Quantitative evaluation measures:

  • The GreenGlass collection curation project data for comparing BPL’s collection to peer libraries’ holdings;
  • Usage data that support calculating cost-per-use metrics of electronic resources. Low use counts may indicate the need for more user education or for highlighting these resources in search results, or may indicate low demand for the product;
  • Analysis of library staff reference and presentation statistics.

Qualitative evaluation measures:

  • Analysis of interlibrary loan requests compared to collection holdings;
  • Analysis of student outcomes in relation to use of the library, in partnership with faculty (e.g. annual faculty portfolio review, theses and capstone projects);
  • Patron satisfaction surveys and interviews;
  • Scholar acknowledgements in publications.

Inventory

The RFID tagging project in 2021-2022 provides an inventory of the circulating collections. Once implemented, the RFID system will facilitate ongoing inventory control and evaluation of collection usage.

The mission of the Virginia Theological Seminary Archives is to serve the seminary community by collecting, preserving, and making available through open and equitable access: the institutional records of Virginia Theological Seminary and Bishop Payne Divinity School; the papers of prominent individuals of the two organizations; and the holdings of the African American Episcopal Historical Collection (AAEHC), a joint project of VTS and the Historical Society of the Episcopal Church.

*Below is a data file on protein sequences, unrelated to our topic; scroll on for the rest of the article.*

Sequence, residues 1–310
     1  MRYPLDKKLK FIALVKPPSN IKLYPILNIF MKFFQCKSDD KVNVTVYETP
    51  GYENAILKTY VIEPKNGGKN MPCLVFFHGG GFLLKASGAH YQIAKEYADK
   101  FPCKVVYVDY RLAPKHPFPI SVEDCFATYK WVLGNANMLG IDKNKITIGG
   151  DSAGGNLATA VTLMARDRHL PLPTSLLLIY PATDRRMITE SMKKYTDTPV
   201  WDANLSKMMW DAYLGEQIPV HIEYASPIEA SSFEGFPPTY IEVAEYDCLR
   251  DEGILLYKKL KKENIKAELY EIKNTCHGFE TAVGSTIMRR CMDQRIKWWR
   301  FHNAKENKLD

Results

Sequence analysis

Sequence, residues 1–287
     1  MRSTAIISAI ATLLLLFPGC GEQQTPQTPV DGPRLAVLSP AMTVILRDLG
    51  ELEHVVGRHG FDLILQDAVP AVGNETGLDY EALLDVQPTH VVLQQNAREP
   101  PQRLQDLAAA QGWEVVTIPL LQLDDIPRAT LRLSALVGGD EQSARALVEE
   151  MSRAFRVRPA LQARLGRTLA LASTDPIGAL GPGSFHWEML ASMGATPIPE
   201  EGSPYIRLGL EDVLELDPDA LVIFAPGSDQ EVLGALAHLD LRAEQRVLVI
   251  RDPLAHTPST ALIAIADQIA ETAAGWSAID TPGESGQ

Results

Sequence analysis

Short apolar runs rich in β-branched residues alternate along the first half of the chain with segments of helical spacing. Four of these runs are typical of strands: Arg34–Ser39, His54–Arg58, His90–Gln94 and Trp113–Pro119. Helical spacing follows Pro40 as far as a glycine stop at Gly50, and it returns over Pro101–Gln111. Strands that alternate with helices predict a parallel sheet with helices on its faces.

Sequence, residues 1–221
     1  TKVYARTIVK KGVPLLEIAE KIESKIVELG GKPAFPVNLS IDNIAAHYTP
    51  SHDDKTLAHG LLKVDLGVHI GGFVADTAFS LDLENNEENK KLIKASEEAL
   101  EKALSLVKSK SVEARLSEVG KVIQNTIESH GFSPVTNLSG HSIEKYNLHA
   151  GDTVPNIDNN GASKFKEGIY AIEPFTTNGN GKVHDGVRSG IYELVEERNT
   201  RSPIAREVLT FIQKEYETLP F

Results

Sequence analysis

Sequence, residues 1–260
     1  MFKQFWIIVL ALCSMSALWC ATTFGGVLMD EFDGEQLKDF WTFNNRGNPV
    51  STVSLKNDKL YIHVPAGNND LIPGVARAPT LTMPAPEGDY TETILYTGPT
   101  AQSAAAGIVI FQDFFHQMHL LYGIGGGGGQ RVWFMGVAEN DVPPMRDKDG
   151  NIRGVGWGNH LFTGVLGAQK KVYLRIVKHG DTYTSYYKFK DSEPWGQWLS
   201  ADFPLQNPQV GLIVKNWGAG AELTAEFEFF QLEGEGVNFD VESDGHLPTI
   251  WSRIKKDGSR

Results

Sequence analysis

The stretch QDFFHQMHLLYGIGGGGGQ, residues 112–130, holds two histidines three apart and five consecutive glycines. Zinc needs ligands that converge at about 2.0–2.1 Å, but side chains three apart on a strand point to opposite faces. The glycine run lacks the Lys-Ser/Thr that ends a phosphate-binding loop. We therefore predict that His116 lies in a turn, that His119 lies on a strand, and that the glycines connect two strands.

The Seminary Archivist, in consultation with the Head Librarian, has the primary responsibility for building and maintaining the archival collections. Institutional records of enduring value are acquired through transfer to the Archives from the various Seminary departments. Student records are governed by the VTS Educational Records Retention Policy; they are digitized for long-term preservation and then transferred to archives ten years after graduation or withdrawal. These student records are maintained in perpetuity by the Archivist. Access to student records and/or information therein can be obtained with the permission of the VTS Administration and in accordance with FERPA regulations. Manuscript collections and personal papers are solicited by the Archivist. Collections for inclusion in the AAEHC are determined by the AAEHC staff and the Seminary Archivist often in consultation with the Head Librarian, and the AAEHC Steering Committee.

Emphasis is placed on collecting original, unique, unpublished materials not held by other repositories, including but not limited to personal papers, correspondence, photographs, documents, oral histories, and organizational records. All donations must be accompanied and governed by an executed Deed of Gift. Recommendations for collections to be acquired are encouraged from members of the Seminary community, but the decision to solicit collections and the retention of unsolicited collections and non-archival material is at the discretion of the Archivist and Head Librarian.

Washington Theological Consortium: The libraries of the WTC maintain a reciprocal borrowing agreement, which gives VTS students and faculty direct borrowing from nine other theological libraries in the greater Washington area: Catholic University, Dominican House, Howard University, John Leland Center for Theological Studies, Reformed Theological Seminary, Virginia Union University, United Lutheran Seminary, Wesley Theological Seminary, and the Woodstock Theological Library at Georgetown University. The consortium librarians meet regularly to coordinate and communicate about implementation of the reciprocal borrowing agreement and to confer about collection policies and access.